Living Vehicle Creative Studio travel trailer takes working from home off-grid
Living Vehicle unveils its latest luxury travel trailer, designed for more time living – and specifically working – off-grid. Your Creative Studio and the open road awaits
The new Creative Studio travel trailer is Living Vehicle’s answer to working from home; take your home with you.
Living Vehicle builds extremely high-end trailers. The California-based company was set up by Matthew and Joanna Hofmann in 2017, dovetailing their love of the open road with architectural training to create one of the most sophisticated trailers on the market, the ultimate blend of transport and technology.
Now, for 2023, the duo have doubled down on the trailer’s ability to act as a self-contained home from home, with new technology that extends the time you can spend off the grid.
Wallpaper* spoke to Matthew and Joanna about the Creative Studio and other enhancements for the new model.
‘The Creative Studio is just one element of our 2023 launch which allows Living Vehicle owners to travel further for longer than ever before,’ says Matthew. ‘This is only made possible with technology that enables owners to generate their own utility resources, completely independent of the grid.’
The trailer was already well served with solar panels, and the LV energy/battery system can store any surplus. ‘With the debut of the Creative Studio option, owners who traditionally were tied to brick-and-mortar studios for technical jobs can now also enjoy the freedom that being off-grid brings,’ he says.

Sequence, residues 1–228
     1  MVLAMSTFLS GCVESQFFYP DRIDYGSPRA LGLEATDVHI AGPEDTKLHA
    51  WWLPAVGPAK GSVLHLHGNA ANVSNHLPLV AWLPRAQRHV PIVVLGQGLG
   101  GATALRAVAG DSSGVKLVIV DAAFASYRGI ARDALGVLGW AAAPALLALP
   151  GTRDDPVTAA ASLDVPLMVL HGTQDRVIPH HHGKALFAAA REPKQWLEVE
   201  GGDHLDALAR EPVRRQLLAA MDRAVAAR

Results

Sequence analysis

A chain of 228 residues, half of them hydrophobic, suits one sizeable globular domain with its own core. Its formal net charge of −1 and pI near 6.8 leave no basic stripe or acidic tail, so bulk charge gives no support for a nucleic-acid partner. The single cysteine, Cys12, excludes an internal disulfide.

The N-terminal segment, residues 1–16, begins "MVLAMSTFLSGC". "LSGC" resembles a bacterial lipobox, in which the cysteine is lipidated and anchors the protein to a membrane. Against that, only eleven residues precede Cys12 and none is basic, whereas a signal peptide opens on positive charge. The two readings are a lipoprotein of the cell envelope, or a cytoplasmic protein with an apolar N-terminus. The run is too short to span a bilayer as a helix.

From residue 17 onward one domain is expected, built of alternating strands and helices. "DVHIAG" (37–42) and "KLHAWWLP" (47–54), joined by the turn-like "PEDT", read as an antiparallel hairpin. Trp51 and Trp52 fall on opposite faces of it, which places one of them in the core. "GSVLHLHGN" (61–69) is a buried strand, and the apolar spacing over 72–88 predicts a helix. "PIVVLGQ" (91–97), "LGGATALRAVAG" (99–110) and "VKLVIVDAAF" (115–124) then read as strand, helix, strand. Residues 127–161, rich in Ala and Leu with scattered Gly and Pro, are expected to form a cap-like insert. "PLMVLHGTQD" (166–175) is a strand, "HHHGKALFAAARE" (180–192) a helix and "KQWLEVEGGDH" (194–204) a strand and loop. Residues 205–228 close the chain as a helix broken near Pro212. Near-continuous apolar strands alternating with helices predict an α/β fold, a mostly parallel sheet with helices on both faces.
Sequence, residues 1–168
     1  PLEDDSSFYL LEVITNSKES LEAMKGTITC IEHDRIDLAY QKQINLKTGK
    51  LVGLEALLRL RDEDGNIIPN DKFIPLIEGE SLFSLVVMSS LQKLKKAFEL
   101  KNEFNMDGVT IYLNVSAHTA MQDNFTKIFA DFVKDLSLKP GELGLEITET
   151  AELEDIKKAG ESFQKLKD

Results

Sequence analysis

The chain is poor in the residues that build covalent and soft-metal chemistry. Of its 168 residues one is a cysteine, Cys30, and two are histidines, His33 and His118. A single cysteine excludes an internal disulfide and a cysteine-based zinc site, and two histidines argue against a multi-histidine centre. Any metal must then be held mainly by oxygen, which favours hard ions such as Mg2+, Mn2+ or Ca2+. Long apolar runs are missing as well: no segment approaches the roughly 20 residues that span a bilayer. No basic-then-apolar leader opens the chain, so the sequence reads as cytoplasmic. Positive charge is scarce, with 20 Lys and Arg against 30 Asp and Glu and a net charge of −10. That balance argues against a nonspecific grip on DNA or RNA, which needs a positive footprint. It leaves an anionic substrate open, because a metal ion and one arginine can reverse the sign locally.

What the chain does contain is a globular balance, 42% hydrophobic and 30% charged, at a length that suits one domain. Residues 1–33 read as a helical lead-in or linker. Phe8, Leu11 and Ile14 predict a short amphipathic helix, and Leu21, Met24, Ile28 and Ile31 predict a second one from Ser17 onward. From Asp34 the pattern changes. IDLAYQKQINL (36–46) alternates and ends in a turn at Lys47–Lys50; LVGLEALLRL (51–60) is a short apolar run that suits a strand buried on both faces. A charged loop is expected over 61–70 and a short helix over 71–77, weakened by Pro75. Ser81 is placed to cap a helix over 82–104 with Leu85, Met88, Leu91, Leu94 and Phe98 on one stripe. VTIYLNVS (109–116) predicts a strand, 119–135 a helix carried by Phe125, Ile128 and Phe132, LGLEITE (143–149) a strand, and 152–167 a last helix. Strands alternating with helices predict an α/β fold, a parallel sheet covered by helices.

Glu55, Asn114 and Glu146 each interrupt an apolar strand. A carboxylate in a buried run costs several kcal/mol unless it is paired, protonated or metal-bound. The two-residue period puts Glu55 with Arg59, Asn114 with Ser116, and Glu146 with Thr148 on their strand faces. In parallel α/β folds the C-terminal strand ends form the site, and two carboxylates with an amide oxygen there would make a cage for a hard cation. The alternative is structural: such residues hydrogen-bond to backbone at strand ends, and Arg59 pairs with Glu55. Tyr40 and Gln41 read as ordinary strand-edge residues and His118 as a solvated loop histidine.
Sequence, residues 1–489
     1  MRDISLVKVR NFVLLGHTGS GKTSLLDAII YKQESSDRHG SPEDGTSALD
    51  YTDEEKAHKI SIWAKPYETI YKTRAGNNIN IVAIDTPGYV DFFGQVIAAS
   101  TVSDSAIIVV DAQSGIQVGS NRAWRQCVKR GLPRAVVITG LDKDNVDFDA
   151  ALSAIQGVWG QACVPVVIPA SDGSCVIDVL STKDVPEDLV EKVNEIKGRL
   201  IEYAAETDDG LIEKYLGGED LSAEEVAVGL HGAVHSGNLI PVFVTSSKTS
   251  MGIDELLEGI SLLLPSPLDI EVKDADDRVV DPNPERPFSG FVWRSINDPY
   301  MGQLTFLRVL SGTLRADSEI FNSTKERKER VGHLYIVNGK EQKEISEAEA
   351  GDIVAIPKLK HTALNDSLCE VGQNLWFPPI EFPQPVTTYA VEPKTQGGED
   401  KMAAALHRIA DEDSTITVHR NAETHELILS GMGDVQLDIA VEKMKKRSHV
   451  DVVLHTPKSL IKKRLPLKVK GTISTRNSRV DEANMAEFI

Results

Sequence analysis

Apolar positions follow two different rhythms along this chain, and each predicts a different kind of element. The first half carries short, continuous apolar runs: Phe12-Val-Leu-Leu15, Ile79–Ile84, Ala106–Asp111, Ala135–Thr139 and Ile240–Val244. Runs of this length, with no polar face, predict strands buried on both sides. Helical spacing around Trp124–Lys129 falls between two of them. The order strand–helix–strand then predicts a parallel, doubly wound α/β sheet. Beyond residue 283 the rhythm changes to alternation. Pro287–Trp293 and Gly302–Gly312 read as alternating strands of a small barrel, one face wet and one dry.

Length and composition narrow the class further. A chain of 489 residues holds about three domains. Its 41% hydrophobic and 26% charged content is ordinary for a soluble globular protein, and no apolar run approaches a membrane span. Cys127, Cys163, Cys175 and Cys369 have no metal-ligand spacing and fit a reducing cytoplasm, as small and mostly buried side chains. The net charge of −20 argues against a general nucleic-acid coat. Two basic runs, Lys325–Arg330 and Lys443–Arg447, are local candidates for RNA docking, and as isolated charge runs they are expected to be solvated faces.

The other key enhancement to the new models is the addition of water-generating technology. ‘The future of travel is changing rapidly, and the movement away from over-populated cities, campgrounds, and RV parks has led to a great need for off-grid travel to extend utility resources,’ says Matthew.
‘An endless supply of fresh drinking water is a game-changer and we’ve partnered with Watergen, using an AWG (Atmospheric Water Generator) system to produce pure drinking water directly from the air.’
The Creative Studio builds on Living Vehicle’s original mobile office concept with the addition of a suite of Apple technology.
‘Each Creative Studio can be customised with a range of configurable hardware including studio-grade equipment such as the Pro Display XDR, and a 16-inch MacBook Pro with Genelec “The Ones” compact studio monitors,’ says Joanna. ‘My favourite feature is that this entire two-person workspace can be lowered to reveal a queen-sized bed.’
Everything else about the new models is geared to off-grid living and working. ‘I was an early adopter of this lifestyle, and I’ve always been limited by how much water my tank could store,’ says Matthew. ‘Access to 24-7 potable water is so important. This is why Living Vehicle’s tanks are oversized to begin with.’
The American dream of a life of endless roaming is a romanticised blend of pioneering spirit and nomadic aspiration, filtered through a million carefully curated social media posts. Living Vehicle’s trailers aren’t pitched at vanlife-loving millennials, but those who want to take their careers on the road.